Week 11: P, NP, and NP-Complete


Up until now, we have not concerned ourselves at all with time or space efficiency, writing machines that are ridiculously inefficient. In this unit, we will finally turn our attention to the issue of time complexity. (Space complexity is an advanced topic that we will not cover.)

Time complexity

I assume you're familiar with how to analyze time complexity of algorithms. Here's a little self-quiz you can take:

  • True or false: $O(2n)$ and $O(3n)$ are the same complexity class.

  • True or false: $O(n^2)$ and $O(n^2 + n)$ are the same complexity class.

  • True or false: $O(2^n)$ and $O(3^n)$ are the same complexity class.

  • True or false: Big-O ($O(\cdot)$) measures worst-case time complexity and small-o ($o(\cdot)$) measures best-case time complexity.

Read Section 7.1, pages 275-281 if you need to review big-O notation.

Models of computation

Read Section 7.1, pages 282-284.

Complexity analysis always assumes an underlying model of computation. In the past, you've always analyzed your programs for the platform you're actually running on -- which is fine because differences in platforms usually only affect running time by constant factors, so they don't impact big-O time complexity at all. However, in this class, we're trying to consider a wider range of models of computation, wide enough that the same algorithm implemented in two different models might have different big-O time complexities.

The book, in 7.1, analyzes multitape Turing machines and nondeterministic Turing machines in relation to standard Turing machines. The analysis has the form: if a computation takes $O(t(n))$ time on some machine, how long would the equivalent computation take on a standard Turing machine?

With multitape Turing machines, recall that the tapes are stored like this:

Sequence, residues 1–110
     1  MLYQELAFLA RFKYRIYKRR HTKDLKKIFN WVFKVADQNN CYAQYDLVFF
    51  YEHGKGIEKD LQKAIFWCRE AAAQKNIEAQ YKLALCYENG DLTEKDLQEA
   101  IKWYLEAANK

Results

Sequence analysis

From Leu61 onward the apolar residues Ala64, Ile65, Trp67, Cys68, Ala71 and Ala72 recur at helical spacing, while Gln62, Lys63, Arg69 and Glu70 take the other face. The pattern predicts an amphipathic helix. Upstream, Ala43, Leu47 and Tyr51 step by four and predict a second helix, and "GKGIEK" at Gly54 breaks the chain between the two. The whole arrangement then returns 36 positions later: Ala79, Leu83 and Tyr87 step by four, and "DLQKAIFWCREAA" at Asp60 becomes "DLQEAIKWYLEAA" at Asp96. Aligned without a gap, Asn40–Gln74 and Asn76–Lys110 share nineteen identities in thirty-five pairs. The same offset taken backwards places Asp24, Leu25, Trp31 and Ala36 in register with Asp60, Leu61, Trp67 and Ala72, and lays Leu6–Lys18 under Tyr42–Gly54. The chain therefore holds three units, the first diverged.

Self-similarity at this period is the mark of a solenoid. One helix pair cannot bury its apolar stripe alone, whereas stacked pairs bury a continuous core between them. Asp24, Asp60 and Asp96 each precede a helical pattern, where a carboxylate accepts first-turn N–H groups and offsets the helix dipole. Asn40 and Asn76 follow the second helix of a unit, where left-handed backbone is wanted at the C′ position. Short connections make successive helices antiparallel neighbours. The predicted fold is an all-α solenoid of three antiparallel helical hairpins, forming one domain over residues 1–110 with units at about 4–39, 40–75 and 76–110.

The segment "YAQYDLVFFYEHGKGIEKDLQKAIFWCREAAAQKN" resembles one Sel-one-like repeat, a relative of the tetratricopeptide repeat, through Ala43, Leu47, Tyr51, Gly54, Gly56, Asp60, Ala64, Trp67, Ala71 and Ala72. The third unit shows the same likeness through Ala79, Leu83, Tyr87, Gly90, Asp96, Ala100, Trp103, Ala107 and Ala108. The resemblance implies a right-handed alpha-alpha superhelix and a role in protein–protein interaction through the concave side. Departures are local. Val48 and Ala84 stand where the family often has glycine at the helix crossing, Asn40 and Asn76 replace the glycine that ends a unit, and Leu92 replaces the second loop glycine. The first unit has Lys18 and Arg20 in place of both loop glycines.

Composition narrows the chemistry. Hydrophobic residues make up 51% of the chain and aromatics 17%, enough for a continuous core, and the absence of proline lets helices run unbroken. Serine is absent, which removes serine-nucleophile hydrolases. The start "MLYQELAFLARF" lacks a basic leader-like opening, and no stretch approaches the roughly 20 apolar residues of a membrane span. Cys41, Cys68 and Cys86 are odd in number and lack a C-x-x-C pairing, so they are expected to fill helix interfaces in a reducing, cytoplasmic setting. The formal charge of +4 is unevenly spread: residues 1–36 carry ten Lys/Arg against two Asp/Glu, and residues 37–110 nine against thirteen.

To analyze this, first note that a $k$-tape TM can write at most $k$ symbols per timestep. So in total, it can write at most $kt(n)$ symbols. So the single-tape TM can also write only $O(t(n))$ symbols.

In the multitape TM, accessing the current cell requires 1 operation, but simulating this in a single-tape TM takes $O(t(n))$ time, because you might have to rewind or fast-forward through another tape to get to the cell you want to access.

So the total running time of the simulation is $O(t(n)^2)$.

With nondeterministic Turing machines, recall that we had to do a breadth-first search through the possible configurations of the NTM.


Since the number of configurations is exponential in $t(n)$, the running time of the equivalent deterministic TM is $O(c^{t(n)})$ for some $c$, which the book writes as $2^{O(t(n)}$.

(Moreover, for each configuration, there is an additional $O(t(n))$ factor required for moving back and forth between where the previous configuration and next configuration are stored, but that gets absorbed into $c$.)

In Algorithms class, you will (implicitly) analyze algorithms on the RAM machine, which was an optional topic in Week 8. In this model, each tape square holds a (arbitrarily large) natural number. You can instantly jump to any square. You can add, subtract, and compare squares. You can also treat a square as a pointer, reading its value $x$ and accessing the square at position $x$. A RAM machine program can be simulated by a multitape TM (Cook and Reckhow). Recall that the simulation looks like this:


If we assume that accessing a memory location with value $x$ takes $O(\log_2 x)$ time (linear in the number of bits), then a RAM machine program that runs in $t(n)$ time can be simulated by a multitape TM in $O(t(n)^2)$ time. As in the multitape-to-single-tape construction, the basic idea is that getting to a memory cell may take $O(t(n))$ time, so the simulation slows down by a factor of $O(t(n))$.

So simulating a RAM machine computation with $t(n)$ steps on a single-tape TM would take $O((t(n)^2)^2) = O(t(n)^4)$ time. I suspect this can be improved to $O(t(n)^2)$ time if we go straight from a RAM machine to a single-tape TM.

Digression: Which model is the most realistic?

Which of these models is an actual computer most like? Having programmed Turing machines, you probably feel that they're very unlike actual computers, and the RAM machine is more like an actual computer. But the truth is somewhere in between. Accessing memory is never instantaneous; it always depends on how large the memory is:

  • Magnetic tape (which is still surprisingly common) is a lot like a Turing machine tape: to access a location, you have to rewind or fast-forward to the right place on the tape, which takes time $O(n)$ where $n$ is the size of the tape.

  • Memory access time also depends on the length of the wire to the memory location: Prof. Joshi tells me that the longer the wire, the larger the capacitor used for a bit, which takes longer to charge. Most memory is laid out in two dimensions, making the access time something like $O(n^{1/2})$, although three-dimensional memory is starting to be used, which would be $O(n^{1/3})$.